Available for worldwide delivery at Amazon.

ps. Courtney, this is the perfect souvenir for your children and will remind them for years to come of their great Aussie adventure!!

- Sara

ONE YEAR AGO WE WROTE ABOUT:

Nuxe Facial Oil
Le Big

La Cantine

3338fc6I was on the phone to Courtney the other day and she was talking about getting packed lunches ready for her sons to take to school. I almost fell off my chair!
Here in France (or at least at my kids’ state-run schools) there is no way a sandwich is ever going to be introduced onto the school premises.
It seems like one of the main responsibilities that the French State has taken upon itself is to educate its masses into making every little French inhabitant a culinary expert.
My little girl has been going to the local maternelle since she was 3 years old. At lunch time she, and another 150 kids roughly her size, get taken to the cantine. They all sit down around the table and get served a 3/4 course meal. They start with a starter (salad, soup or similar), continue with a main course, then get a piece of cheese and finish off with a dessert. The weekly menu is hung outside the school for the whole neighourhood to see. And if I don’t have time to check it outside the school I can read about it on my town hall’s website! (more…)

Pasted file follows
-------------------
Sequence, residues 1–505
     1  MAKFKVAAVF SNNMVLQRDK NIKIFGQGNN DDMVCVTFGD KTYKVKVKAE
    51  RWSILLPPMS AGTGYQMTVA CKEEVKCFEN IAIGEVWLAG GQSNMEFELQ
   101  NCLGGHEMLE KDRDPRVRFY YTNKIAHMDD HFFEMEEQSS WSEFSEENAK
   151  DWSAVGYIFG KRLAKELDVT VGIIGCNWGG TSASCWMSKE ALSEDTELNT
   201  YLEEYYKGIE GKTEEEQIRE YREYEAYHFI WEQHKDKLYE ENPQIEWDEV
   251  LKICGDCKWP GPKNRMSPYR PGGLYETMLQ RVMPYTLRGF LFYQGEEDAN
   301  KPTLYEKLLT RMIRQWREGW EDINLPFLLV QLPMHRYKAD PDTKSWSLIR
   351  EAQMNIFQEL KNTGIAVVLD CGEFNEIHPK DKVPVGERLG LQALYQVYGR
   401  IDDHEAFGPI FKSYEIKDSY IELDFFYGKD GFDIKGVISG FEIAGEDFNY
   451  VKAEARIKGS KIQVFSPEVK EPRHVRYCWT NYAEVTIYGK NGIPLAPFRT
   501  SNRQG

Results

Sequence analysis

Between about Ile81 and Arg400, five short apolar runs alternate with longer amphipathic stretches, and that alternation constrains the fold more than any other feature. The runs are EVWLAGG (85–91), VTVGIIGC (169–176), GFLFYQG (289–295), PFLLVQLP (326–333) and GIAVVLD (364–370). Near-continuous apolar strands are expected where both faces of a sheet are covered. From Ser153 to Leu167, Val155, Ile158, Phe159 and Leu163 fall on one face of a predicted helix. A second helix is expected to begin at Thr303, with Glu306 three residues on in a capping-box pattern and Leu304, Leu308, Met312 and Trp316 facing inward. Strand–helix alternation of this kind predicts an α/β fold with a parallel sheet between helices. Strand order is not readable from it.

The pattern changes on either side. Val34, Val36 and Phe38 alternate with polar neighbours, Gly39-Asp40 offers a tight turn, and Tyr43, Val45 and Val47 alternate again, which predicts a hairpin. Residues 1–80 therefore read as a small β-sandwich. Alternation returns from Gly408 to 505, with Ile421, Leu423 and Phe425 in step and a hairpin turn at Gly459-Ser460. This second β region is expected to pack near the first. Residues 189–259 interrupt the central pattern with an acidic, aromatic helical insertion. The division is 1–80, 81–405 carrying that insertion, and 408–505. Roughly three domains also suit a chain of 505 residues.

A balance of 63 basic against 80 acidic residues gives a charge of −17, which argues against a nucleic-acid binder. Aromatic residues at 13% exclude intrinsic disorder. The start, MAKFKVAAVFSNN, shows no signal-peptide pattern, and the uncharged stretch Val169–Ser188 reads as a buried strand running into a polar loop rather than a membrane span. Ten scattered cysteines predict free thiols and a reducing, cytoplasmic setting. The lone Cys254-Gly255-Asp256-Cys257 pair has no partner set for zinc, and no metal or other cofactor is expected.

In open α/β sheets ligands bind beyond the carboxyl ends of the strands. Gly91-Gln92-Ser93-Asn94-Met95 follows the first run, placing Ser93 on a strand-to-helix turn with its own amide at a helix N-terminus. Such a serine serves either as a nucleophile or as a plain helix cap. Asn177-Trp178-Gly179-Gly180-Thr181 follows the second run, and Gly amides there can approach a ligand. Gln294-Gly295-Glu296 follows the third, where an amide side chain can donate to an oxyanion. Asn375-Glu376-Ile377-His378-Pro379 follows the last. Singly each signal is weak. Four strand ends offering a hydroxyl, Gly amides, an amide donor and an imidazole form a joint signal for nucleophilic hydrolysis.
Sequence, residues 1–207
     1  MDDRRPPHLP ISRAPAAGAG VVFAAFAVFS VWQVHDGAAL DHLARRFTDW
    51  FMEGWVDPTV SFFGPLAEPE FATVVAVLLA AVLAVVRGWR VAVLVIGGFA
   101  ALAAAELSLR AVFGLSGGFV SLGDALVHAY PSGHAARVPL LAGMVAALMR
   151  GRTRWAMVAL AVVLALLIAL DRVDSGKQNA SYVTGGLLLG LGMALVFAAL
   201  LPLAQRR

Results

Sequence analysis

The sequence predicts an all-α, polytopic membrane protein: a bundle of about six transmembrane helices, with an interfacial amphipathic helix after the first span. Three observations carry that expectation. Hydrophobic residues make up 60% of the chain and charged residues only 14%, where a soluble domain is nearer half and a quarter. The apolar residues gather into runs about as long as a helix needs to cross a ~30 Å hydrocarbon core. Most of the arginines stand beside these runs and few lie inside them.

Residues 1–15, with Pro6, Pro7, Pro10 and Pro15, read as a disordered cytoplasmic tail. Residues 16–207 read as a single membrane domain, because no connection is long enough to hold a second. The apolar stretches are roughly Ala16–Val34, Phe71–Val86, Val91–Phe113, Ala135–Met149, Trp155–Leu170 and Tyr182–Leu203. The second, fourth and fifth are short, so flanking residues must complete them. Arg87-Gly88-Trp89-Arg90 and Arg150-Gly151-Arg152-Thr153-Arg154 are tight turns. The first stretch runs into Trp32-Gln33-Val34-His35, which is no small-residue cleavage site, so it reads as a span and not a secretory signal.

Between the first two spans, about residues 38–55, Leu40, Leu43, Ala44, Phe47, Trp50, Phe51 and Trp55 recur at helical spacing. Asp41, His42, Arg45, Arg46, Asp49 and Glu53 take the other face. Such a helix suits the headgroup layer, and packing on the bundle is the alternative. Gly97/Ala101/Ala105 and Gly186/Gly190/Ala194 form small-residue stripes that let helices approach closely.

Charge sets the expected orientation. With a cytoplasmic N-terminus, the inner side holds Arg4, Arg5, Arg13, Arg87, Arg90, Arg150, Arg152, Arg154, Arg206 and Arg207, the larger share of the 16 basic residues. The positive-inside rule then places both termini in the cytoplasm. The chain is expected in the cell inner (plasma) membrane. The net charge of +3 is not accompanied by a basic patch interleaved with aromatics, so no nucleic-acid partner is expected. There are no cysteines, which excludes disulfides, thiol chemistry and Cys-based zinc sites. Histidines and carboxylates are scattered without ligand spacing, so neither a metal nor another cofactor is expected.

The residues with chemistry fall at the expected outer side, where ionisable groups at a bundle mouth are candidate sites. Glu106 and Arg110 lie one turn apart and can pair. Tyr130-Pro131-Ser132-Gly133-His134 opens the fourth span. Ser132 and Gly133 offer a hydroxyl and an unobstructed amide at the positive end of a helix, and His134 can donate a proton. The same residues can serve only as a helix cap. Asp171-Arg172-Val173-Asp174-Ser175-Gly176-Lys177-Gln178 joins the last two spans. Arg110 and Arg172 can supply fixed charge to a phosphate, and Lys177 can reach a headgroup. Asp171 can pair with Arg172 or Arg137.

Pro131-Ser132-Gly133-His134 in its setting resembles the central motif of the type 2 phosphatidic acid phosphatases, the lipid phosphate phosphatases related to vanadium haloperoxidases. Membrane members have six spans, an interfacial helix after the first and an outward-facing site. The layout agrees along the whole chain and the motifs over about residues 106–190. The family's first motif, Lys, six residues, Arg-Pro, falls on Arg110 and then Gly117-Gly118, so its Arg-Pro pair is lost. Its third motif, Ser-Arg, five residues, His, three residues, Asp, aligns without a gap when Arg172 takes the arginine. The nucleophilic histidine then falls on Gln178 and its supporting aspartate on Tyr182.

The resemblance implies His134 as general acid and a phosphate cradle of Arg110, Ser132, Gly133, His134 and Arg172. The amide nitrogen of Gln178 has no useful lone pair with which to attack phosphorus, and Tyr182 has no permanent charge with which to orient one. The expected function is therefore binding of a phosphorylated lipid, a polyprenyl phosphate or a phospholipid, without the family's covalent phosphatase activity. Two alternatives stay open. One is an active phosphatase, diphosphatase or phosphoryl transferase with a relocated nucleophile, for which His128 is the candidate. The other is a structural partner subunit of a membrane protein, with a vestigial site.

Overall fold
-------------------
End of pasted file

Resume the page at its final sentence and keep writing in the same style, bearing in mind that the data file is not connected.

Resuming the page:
ONE YEAR AGO WE WROTE ABOUT:

Babysusu
Make-ahead mashed potatoes

My Neighour Totoro

200px-My_Neighbor_Totoro_-_Tonari_no_Totoro_(Movie_Poster)I think that film addiction must be genetic — my kids love movies as much as I do. We have started a tradition of Friday Family Film Night – to celebrate the end of the week – complete with popcorn and a glass of juice.

Now the challenge is finding movies that a 2-year-old and a 30-something-year-old will both enjoy. The greatest success we have had was the Japanese Kids Animated Classic My Neighbour Totoro, a lovely story of two sisters who move to an old country house with their dad while their mum is in hospital. In the countryside the girls encounter friendly spirits, namely the Totoros, the Keeper of the Forests. ‘My Neighbour Totoro’ was directed by Hayao Miyazaki and won him international acclaim all over the world.

The animation and designs are stunning and the Totoro character is just enchanting. I could definitely watch this movie again and again. And if I can, you can bet that my kids can too! They are addicted!

I would love to hear if you have any other suggestions for great family movies. Happy Friday!

- Emilie

ONE YEAR AGO WE WROTE ABOUT:

Luukie/Xsmall
Fungo Matto
Elias and Grace
Sons & Daughters
Lilli Bulle

Eating out in France

cafe-lindustrieMichela and I are often asked about family-friendly restaurants in our respective cities. Try as we might, we are hard pressed to come up with good suggestions. There is a huge North/South divide in Europe regarding the obvious signs of child friendliness in restaurants.